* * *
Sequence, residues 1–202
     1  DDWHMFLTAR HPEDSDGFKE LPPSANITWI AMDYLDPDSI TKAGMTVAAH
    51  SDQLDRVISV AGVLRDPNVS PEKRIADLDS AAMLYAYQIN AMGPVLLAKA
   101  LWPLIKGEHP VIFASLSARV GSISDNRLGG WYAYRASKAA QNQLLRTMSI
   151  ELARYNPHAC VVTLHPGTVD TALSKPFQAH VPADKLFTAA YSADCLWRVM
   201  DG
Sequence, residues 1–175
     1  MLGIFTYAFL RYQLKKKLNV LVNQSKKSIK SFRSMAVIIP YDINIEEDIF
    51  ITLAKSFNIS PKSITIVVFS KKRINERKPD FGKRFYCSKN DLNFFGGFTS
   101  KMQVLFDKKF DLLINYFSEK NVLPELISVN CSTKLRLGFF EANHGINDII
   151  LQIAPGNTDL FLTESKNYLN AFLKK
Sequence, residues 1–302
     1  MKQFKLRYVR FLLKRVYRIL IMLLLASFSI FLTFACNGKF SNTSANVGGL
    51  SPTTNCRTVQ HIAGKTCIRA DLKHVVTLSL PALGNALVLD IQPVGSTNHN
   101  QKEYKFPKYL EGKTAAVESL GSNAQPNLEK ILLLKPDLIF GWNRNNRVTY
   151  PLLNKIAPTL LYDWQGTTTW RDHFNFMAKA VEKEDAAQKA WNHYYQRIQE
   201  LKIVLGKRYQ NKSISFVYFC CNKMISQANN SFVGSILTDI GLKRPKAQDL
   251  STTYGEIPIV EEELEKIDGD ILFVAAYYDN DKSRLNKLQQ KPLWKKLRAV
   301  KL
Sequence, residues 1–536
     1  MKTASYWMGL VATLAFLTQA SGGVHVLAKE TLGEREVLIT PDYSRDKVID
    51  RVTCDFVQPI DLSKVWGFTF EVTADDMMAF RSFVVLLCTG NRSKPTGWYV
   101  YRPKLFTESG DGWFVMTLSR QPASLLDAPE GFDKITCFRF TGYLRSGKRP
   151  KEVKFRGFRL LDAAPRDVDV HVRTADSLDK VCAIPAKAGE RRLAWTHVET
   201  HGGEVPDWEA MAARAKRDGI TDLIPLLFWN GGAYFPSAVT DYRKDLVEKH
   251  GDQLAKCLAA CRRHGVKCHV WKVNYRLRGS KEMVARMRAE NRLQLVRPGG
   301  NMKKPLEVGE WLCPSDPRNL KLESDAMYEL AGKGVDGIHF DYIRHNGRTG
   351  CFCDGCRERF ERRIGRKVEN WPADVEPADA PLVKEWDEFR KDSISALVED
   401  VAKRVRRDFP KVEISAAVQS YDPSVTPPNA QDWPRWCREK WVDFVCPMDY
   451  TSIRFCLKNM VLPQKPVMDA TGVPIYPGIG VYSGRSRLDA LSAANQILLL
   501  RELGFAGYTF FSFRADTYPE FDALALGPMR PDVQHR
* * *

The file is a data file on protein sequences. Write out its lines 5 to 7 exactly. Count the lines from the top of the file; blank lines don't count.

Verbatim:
   151  ELARYNPHAC VVTLHPGTVD TALSKPFQAH VPADKLFTAA YSADCLWRVM
   201  DG
Sequence, residues 1–175